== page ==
MBA, MBA Programs, MBA Preparation

MBA Application Requirements: What You Need to Apply

March 31 2023 By The MBA Exchange
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Are you almost ready to submit your application to the MBA program or programs of your dreams? Before you finalize your application packages, make sure you’ve got every “T” crossed, every “I” dotted, and every chance to impress maximized. Wouldn’t it be awful to hit the application deadline, and only then discover that you’re missing key elements that may threaten to stall your climb? Yeah, let’s not do that.

What are MBA Application Requirements?

Earning an MBA degree improves your earnings potential, networking opportunities and cutting-edge professional skill sets. Have you explored all the reasons why an MBA degree could be right for you? When you apply for an MBA program, different parts of your MBA application package show off elements of your skills, experiences and professional promise. 

Your essays let your voice be heard, your letters of recommendation attest to your value and importance in the eyes of people you’ve worked with or for in the past, and your test scores stack you up in direct competition with other current-intake applicants.

After your application package, there are only a few more steps, such as the MBA admissions interview, to get through before you can take your seat. But, before you can find MBA admissions success, you’re going to have to make sure you’ve got everything you need to submit. Here is typically what is required in an application:

Background information

Adcoms want to get a glimpse of the real you, so some personal and family background information is included in most MBA application requirements. You’ll also need to provide a mailing address where you can receive correspondence about your application.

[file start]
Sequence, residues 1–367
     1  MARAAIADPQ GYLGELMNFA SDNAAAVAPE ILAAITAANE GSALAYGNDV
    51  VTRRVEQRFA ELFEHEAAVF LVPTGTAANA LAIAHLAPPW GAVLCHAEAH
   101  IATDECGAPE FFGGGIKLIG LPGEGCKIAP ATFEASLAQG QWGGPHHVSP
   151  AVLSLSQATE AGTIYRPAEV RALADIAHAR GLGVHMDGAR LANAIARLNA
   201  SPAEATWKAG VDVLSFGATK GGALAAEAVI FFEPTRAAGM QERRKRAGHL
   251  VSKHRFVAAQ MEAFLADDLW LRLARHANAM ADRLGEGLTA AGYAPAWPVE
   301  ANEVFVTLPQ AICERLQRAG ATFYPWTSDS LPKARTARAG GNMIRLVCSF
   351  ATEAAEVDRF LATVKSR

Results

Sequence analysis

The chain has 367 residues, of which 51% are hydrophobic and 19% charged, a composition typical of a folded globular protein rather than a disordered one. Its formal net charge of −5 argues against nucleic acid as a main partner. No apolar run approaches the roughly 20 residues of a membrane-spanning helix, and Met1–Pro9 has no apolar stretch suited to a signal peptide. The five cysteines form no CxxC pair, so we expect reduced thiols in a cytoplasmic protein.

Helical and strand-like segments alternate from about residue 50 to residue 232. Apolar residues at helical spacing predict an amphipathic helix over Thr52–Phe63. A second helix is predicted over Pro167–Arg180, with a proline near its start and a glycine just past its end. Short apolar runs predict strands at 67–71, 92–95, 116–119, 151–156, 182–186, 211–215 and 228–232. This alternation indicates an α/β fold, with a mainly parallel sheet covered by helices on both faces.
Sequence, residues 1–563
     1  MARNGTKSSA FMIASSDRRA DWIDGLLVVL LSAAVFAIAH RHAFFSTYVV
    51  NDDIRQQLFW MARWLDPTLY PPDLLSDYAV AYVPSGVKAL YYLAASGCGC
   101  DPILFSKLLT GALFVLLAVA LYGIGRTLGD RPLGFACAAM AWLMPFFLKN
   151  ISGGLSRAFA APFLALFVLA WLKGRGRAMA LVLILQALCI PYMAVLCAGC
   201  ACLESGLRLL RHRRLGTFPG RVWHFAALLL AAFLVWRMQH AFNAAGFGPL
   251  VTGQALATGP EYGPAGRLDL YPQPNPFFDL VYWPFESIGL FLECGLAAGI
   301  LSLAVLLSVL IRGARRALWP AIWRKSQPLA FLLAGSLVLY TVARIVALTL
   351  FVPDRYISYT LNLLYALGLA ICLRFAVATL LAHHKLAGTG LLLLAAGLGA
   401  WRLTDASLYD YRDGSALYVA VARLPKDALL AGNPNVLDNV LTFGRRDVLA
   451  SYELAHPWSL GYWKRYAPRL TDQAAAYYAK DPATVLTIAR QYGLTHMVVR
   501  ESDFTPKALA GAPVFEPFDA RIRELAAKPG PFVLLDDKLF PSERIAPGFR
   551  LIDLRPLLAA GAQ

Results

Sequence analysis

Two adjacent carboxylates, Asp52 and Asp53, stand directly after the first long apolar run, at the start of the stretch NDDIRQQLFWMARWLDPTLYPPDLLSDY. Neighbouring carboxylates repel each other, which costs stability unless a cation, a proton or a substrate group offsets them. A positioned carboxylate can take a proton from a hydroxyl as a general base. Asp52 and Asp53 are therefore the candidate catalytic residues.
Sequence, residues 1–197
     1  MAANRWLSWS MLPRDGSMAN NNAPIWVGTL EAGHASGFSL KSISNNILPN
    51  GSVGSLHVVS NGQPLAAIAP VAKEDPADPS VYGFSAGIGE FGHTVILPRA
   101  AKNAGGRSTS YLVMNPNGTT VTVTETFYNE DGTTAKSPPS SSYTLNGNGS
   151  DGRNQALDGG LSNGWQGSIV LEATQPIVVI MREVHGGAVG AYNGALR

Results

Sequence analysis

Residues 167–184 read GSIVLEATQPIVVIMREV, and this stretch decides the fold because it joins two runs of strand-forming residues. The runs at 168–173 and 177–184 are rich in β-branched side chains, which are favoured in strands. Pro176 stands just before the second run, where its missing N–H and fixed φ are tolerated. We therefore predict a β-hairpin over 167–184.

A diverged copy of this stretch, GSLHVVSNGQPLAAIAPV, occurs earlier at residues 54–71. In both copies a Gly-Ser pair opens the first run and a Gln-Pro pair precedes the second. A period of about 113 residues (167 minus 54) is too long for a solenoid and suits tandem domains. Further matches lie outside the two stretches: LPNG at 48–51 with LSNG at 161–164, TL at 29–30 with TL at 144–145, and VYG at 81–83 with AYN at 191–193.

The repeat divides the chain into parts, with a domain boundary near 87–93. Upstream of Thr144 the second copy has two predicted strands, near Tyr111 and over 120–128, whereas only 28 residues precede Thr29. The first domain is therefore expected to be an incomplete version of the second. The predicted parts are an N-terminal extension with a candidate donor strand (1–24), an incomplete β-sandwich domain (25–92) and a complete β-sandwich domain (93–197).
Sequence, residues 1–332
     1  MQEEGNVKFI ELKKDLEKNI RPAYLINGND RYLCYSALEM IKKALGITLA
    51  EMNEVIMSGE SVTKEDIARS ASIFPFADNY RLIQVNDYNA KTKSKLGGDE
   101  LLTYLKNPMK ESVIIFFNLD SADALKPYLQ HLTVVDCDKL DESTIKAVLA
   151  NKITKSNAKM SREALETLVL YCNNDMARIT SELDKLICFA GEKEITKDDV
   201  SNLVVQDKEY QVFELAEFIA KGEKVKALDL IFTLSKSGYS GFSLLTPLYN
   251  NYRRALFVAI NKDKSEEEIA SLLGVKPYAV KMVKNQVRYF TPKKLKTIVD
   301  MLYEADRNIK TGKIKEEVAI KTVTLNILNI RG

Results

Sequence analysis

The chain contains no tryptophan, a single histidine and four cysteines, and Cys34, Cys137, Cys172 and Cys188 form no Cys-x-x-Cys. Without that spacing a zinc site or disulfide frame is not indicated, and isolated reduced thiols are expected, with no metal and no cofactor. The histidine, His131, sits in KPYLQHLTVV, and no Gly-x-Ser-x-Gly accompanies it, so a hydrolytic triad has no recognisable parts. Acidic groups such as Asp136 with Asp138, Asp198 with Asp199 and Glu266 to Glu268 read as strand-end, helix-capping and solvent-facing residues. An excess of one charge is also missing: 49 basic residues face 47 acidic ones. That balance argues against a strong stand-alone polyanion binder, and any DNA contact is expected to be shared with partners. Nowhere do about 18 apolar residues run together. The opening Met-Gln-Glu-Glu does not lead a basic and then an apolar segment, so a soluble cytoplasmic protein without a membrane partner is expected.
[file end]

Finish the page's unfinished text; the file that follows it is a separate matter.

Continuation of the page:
Make sure to include the date of your birth as given on your official documents. You’ll also need to provide information on your parents’ education and employment history, so you might need to do some research for this portion of your application.

If this section of your application contains errors, it can trigger red flags during the background verification part of the acceptance process. Maintaining accuracy the first time around can save you from some stress down the road!


The resume you’ve been using to apply to jobs probably isn’t ready for upload as part of your MBA application requirements, not without some tweaks and changes. The goals of an MBA admissions resume are different from a job application resume in some key ways. Your MBA application resume should be 1-2 pages in length. You’ll need to include your employment history, including dates of employment, job titles, and compensation (in USD). Using strong, directed verbs, indicate what you achieved or accomplished at each position.

List your awards and recognitions, including achievements in the arts or athletics. You can also mention extra-curricular activities ranging from college-level to community service or entrepreneurial ventures. Documentation of your participation is a significant plus, and can often be uploaded with your MBA application.

You may also need to enter information about your employment history and employer as part of your MBA application. Keeping accurate records will help you avoid reporting discrepancies that can raise adcoms’ eyebrows.

Two essays

Application essays mean that you need to find the words to describe your candidacy in about 500 words. That’s a tighter task than you might think until you start drafting and realize what you’re in for! Application essays might seem like more of a burden than an opportunity, at least as you’re getting your application materials together. But your application essays give you the chance to stand out, putting a personalized face and voice to the numbers and dates of the rest of your application materials. 

This is where you can make up lost ground, claim a unique niche that others can’t fill and leave a memorable impression on adcoms. Hitting your essays out of the ballpark is a must for MBA admissions success.

Two letters of recommendation